Handwritten Wills

What's the deal with handwritten Wills?

Is a handwritten Will valid in Georgia? The answer is: maybe.

A handwritten Will* is one where some or all of the Will is written by hand. We have seen some confusion about whether these Wills are valid.

The good news is that Georgia law is consistent: a handwritten Will must follow the same rules as typed Wills: they must be in writing, signed by the person making the Will (called a “Testator”), and witnessed by two people, with the three of them seeing each other sign.**

The confusion comes from the fact that, in some states, a handwritten Will does not need to be witnessed. So, in some states, a handwritten Will is automatically valid. Perhaps the reasoning in those other states is that the handwriting itself is enough to prove that the Testator actually made the Will.

But not in Georgia. Here, a handwritten Will must be signed and witnessed just like a typed Will.

On the other hand, some people believe that a handwritten Will is automatically invalid, even if it is signed and witnessed properly. Again, this is not true in Georgia. A handwritten Will is valid in Georgia so long as it meets the legal requirements: written, signed, and witnessed.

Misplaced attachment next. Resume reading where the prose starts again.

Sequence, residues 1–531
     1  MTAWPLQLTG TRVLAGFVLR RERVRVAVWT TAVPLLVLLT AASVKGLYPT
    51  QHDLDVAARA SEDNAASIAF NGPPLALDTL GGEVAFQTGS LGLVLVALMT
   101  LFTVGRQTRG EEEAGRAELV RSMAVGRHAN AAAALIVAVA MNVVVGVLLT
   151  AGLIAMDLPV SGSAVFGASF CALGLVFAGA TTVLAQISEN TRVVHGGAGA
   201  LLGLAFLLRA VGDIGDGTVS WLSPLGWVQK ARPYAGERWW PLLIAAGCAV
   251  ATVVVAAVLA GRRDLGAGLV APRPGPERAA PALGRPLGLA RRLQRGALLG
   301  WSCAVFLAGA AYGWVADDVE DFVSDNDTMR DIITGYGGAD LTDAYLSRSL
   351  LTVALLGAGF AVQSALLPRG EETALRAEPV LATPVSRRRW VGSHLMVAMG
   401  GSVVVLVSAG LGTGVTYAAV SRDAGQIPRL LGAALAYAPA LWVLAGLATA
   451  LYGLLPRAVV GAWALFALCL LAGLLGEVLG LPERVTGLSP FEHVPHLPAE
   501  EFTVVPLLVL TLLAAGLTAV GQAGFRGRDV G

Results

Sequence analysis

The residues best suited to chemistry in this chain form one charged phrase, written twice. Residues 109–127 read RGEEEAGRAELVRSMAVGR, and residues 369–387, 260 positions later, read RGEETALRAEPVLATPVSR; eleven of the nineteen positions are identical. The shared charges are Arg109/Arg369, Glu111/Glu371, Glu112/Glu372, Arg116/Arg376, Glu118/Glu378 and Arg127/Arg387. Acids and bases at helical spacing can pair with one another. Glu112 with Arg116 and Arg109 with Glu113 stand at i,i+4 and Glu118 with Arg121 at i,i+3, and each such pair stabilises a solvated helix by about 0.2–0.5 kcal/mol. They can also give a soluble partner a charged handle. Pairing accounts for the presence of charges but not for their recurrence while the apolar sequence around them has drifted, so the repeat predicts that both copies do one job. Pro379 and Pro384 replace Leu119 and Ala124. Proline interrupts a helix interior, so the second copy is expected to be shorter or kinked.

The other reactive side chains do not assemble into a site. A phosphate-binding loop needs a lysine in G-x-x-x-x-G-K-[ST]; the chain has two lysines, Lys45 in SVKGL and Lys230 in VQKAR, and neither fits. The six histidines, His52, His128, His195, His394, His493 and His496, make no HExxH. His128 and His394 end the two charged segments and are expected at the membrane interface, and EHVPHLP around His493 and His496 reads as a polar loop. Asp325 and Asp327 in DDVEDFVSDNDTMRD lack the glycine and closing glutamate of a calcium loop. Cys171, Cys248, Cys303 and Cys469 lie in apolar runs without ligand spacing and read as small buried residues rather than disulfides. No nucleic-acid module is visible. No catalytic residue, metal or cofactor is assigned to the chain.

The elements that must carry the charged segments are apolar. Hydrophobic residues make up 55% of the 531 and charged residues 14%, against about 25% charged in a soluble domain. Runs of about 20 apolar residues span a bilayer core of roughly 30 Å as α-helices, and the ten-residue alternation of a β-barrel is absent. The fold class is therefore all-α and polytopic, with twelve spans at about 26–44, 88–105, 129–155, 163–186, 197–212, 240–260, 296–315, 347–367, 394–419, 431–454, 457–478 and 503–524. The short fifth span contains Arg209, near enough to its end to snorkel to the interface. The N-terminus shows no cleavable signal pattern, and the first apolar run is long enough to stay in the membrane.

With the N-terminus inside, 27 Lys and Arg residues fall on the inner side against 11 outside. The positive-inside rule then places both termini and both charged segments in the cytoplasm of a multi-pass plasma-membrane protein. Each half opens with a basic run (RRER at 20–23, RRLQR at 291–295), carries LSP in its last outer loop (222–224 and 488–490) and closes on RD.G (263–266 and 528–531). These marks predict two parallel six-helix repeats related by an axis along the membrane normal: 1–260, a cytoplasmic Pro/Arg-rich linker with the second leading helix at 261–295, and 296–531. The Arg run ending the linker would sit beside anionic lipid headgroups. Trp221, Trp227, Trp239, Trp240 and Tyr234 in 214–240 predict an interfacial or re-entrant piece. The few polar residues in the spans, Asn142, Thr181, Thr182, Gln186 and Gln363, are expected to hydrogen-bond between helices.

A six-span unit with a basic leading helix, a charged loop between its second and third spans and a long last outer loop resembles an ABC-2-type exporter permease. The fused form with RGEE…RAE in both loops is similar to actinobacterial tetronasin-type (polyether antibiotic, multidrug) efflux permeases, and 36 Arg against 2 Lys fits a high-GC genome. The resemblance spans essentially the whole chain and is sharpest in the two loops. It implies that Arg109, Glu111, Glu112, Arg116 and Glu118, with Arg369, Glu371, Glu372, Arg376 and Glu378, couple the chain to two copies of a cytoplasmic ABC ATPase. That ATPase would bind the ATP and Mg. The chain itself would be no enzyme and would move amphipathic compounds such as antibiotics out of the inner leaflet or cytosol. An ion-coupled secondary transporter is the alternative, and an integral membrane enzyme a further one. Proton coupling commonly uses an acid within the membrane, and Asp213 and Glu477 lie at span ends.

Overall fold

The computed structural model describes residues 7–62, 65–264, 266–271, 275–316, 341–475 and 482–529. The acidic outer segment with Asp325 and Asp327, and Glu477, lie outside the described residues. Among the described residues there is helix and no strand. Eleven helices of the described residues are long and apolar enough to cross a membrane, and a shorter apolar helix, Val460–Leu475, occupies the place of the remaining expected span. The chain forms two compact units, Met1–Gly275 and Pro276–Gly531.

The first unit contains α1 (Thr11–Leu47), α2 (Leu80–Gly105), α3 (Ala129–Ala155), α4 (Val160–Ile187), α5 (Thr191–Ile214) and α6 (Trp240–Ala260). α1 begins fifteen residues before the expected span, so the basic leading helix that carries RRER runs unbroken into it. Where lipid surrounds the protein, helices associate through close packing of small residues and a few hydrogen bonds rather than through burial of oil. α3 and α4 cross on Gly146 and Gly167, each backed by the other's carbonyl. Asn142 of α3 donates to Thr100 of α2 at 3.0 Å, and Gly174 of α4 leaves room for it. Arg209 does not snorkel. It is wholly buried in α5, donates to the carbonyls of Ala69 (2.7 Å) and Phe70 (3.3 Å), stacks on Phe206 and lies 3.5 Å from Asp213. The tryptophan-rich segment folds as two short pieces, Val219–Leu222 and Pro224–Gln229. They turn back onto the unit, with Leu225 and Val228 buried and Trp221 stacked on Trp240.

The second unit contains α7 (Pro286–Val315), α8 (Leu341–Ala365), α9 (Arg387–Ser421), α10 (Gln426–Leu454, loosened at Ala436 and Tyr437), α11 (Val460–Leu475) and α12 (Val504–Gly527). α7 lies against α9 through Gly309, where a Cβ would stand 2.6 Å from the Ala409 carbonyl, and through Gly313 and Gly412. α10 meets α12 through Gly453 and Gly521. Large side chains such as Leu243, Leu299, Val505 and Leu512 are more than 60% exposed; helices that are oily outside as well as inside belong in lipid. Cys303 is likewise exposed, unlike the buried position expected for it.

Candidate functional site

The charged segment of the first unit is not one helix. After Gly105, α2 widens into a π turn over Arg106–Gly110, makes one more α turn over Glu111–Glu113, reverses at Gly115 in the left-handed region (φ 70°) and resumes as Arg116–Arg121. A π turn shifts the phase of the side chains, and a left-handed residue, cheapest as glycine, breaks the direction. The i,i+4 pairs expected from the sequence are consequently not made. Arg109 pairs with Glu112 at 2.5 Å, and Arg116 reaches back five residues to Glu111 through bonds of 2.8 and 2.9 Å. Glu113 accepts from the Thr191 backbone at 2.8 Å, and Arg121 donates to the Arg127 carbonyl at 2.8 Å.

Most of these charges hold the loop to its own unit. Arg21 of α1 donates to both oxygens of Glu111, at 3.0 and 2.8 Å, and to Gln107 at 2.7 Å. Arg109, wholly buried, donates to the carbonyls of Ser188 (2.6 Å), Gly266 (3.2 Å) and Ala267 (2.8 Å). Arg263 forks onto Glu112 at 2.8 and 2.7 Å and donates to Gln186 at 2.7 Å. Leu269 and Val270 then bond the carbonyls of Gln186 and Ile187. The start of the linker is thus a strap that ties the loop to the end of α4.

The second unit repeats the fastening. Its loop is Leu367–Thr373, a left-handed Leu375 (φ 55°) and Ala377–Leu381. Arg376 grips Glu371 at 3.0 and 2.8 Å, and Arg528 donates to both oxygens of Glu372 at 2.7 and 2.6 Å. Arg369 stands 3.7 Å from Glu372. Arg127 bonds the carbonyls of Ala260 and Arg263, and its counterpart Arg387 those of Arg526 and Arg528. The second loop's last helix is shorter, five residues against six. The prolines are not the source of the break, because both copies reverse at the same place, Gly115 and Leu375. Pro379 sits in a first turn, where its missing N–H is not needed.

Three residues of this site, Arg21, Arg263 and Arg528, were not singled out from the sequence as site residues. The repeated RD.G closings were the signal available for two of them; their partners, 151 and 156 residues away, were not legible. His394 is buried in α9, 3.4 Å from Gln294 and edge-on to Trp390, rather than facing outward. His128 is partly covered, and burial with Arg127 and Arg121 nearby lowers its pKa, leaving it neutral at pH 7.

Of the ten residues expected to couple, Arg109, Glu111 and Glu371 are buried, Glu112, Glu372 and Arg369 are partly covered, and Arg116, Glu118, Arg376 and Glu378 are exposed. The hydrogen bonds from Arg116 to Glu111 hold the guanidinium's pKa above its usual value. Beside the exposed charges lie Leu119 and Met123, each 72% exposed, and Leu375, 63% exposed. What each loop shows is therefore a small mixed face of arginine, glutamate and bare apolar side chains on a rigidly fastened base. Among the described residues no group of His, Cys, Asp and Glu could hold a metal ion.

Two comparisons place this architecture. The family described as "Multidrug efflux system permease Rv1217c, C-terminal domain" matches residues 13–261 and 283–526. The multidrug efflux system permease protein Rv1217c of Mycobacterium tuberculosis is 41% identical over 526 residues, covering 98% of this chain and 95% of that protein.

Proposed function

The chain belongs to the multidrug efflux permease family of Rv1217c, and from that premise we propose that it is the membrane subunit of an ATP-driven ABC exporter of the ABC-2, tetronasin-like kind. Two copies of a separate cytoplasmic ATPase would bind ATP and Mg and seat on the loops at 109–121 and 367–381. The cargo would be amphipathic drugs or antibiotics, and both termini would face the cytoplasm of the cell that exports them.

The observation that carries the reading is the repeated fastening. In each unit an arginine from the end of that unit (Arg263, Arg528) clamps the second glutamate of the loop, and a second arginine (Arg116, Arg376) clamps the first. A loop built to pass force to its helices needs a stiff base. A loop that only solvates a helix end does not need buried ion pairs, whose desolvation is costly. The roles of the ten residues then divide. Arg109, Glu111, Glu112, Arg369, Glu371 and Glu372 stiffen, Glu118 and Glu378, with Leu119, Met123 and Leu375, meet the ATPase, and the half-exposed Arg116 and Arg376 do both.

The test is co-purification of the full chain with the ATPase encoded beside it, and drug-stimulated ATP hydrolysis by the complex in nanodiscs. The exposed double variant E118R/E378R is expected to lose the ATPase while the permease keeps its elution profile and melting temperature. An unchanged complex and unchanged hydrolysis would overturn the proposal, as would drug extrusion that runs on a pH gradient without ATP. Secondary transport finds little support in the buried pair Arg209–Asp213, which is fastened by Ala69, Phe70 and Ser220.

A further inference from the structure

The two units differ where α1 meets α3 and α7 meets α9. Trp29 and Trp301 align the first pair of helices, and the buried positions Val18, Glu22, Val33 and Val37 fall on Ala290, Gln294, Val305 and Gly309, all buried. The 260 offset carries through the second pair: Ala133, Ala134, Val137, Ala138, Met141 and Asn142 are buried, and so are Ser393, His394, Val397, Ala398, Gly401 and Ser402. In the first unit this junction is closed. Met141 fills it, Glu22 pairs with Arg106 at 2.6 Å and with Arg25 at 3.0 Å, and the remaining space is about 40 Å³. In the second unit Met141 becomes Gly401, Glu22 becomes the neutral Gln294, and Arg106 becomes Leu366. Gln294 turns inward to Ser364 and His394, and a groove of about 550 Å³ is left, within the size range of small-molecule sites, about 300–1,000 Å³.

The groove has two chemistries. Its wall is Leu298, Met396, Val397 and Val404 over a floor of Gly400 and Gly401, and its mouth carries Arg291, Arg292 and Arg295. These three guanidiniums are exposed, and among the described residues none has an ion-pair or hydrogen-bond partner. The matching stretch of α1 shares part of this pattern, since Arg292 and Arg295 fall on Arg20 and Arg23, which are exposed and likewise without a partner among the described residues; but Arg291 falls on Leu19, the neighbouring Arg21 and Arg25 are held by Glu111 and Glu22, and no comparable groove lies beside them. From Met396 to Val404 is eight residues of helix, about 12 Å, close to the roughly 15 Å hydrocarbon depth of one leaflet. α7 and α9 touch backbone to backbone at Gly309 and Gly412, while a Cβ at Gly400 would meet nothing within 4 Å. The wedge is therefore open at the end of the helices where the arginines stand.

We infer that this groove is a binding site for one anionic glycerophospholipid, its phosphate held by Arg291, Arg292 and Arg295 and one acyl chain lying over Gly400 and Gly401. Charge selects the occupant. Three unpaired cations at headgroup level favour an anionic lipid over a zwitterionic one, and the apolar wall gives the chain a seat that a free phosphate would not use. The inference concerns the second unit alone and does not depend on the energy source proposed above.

So, to recap. A Will is valid in Georgia if (among other things) it is written, signed, and witnessed properly. Being handwritten does not automatically make a Will valid or invalid.

*Sometimes called a “holographic” Will. Seriously. One definition of holographic involves lasers, the other involves a pen.

**This is oversimplified, a bit. Technically, the witnesses don’t just witness the signing; by signing, the witnesses swear (or “attest”) that the Testator signed the Will.

Photo by Aaron Burden on Unsplash.

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The statements in this blog are generalities, and exceptions exist. And, as always, this post is not legal advice. If you have any questions about this information, please contact us.